Some of our family members are vegan, so instead of a normal ham, we make a seitan (wheat gluten) ham instead. I actually prefer the vegan version over the real deal.
Instead of staying at home in the morning, our family goes downtown to hear the Declaration of Christmas Peace, another Finnish Christmas tradition. Because of this, I’ve never seen some of the traditional Christmas morning shows on television. Most families skip the Declaration of Christmas Peace or simply watch it from TV.
Christmas (Χριστούγεννα) in Greece
Gina from Traveling Soul
Children sing the carols door to door and people treat them with sweets or even money. We decorate christmas trees and exchange presents with our loved ones -sorry Santa! Although the Greek tradition wants people to decorate fish boats and wait for Saint Nicholas. The most typical and unique tradition compared to other countries is about sweets. We always make sugar bans (κουραμπιές) and a honey flavored dessert (μελομακάρονο) for Christmas.
Christmas (クリスマス) in Japan
Since I don’t have any travel blogger friends from Japan, I decided to reach out to one of my Japanese friends, Yuya, and ask him how he and his family celebrates Christmas.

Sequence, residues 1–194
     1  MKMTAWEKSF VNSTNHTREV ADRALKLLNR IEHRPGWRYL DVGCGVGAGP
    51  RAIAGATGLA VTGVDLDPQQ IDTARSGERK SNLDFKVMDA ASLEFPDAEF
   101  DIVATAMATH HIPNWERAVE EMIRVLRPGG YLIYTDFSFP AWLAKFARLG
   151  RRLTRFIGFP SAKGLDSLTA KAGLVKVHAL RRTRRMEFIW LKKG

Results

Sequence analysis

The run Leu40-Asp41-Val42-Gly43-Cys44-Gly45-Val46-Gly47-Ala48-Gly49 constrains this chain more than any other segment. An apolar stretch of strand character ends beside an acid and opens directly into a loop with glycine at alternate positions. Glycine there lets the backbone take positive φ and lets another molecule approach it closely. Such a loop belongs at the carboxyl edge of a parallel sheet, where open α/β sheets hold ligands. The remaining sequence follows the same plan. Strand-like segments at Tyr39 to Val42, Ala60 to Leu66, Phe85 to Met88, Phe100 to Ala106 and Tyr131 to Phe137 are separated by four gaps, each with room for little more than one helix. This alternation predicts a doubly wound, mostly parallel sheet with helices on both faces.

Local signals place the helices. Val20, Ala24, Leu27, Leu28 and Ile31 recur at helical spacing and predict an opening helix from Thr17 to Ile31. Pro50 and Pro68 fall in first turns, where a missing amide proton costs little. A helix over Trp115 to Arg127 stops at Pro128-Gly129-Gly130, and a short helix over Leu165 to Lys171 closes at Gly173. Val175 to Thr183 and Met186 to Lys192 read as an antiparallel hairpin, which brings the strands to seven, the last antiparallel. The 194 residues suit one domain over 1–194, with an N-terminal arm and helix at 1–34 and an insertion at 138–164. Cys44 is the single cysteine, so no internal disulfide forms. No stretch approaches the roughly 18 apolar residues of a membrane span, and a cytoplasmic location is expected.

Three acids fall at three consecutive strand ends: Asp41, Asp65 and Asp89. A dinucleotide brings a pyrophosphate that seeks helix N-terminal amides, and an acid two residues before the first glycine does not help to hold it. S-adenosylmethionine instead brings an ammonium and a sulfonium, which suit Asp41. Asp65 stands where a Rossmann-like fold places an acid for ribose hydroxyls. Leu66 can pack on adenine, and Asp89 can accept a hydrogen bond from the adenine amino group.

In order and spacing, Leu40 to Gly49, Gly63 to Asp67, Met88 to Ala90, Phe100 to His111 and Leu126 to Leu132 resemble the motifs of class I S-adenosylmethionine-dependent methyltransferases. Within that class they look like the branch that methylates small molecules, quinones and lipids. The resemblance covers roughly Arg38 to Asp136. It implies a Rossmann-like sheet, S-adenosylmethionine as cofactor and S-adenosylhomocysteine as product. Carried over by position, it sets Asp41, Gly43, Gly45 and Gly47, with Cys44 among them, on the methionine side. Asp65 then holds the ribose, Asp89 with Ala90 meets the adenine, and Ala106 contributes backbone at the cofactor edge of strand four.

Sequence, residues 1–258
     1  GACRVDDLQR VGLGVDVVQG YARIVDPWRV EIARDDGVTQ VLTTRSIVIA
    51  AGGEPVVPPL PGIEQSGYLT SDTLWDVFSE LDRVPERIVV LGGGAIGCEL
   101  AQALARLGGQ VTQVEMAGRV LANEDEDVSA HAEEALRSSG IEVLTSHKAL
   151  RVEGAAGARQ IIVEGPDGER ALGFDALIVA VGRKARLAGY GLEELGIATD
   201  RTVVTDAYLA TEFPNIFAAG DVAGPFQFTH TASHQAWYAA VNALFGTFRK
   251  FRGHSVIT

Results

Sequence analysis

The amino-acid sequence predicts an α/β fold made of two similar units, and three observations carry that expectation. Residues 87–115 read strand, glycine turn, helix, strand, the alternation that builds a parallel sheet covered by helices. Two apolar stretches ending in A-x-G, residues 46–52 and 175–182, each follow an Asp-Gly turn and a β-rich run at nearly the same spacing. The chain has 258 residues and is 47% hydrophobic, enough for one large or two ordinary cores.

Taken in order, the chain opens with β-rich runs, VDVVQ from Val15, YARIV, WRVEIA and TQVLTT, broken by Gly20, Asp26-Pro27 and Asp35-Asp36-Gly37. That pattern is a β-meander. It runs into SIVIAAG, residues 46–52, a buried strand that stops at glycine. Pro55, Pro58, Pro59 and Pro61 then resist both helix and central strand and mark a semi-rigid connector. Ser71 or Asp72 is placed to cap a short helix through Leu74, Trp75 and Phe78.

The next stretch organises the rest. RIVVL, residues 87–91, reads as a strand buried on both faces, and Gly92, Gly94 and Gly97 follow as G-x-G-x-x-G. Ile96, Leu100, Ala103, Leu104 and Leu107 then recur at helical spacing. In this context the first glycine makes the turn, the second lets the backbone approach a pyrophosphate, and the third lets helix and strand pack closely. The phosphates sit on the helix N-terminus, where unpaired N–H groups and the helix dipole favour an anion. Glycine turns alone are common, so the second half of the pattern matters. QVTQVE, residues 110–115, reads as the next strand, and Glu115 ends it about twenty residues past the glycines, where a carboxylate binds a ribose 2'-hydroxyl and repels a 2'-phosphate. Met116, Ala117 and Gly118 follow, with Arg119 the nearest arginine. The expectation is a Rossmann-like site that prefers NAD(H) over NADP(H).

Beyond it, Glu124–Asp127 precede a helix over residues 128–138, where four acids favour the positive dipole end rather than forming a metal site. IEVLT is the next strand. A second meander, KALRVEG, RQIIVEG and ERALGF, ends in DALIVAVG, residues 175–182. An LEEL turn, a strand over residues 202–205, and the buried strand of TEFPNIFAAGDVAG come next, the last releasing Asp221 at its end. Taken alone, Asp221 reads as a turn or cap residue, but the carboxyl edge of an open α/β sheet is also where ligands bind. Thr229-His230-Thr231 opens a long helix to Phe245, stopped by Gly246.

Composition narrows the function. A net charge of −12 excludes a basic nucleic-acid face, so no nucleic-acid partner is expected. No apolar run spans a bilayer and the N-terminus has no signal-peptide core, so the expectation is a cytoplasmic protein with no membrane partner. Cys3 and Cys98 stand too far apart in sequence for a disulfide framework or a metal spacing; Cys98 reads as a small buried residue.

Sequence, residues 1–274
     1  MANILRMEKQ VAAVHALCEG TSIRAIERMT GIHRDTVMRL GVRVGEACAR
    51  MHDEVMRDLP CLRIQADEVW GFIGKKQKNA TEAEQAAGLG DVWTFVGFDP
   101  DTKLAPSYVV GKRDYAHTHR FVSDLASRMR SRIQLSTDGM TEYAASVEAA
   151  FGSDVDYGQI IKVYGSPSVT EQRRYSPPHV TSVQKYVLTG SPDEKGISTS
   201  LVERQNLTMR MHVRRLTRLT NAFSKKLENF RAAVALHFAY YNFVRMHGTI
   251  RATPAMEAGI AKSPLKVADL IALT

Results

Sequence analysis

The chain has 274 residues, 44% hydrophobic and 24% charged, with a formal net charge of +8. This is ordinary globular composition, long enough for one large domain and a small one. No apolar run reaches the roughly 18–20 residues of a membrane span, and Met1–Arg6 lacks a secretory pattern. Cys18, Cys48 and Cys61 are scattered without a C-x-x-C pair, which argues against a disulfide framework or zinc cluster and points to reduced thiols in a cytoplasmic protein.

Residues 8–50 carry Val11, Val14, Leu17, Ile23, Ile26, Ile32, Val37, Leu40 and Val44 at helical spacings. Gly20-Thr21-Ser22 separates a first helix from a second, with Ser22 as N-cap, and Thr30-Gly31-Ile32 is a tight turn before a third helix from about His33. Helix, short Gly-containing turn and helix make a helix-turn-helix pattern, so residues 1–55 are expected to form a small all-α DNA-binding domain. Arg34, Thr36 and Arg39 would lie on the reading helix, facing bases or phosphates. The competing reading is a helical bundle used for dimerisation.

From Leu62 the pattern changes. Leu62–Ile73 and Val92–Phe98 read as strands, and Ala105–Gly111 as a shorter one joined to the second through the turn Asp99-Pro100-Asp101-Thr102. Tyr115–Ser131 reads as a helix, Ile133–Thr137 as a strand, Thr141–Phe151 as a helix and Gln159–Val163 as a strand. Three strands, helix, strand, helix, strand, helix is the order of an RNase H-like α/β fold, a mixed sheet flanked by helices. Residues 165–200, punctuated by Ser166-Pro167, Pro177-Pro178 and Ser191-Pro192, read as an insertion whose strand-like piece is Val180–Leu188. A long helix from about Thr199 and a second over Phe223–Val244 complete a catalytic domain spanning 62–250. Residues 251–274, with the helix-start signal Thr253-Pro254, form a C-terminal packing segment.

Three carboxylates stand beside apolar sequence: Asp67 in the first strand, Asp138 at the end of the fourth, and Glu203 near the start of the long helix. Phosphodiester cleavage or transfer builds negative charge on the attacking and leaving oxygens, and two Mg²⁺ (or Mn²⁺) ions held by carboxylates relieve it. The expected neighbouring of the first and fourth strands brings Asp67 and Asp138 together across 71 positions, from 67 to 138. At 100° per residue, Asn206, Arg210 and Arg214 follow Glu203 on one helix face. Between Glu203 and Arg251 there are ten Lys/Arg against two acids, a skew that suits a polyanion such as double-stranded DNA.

In Japan, Christmas is more of a commercial holiday than a religious one, so you don’t see people going to mass or church. It’s actually more of a couples holiday than it is a time for family to get together. However, many people still get into the spirit of Christmas and hang up holiday decorations.
Christmas (Pasko) in the Philippines
Noel Cabacungan from Ten Thousand Strangers
The Christmas season starts as early as September 1. From this point, people start getting excited about Christmas. Christmas songs start to be played at homes, department stores, and radio stations, but on Christmas Eve itself, we usually attend the mass (church service) at night, around 9:00 to 11:00 PM. At the strike of midnight, the whole family come together to share the Christmas Eve dinner. This is usually the one time of the year when all members of the family come together, wherever they are in the world, to share and celebrate Christmas together.
Christmas (Natal) in Portugal
James from Worldwide Shopping Guide
In Portugal, Christmas is traditionally celebrated on the 24th of December. Portugal is still a very religious country, and Catholicism is interwoven in the local traditions.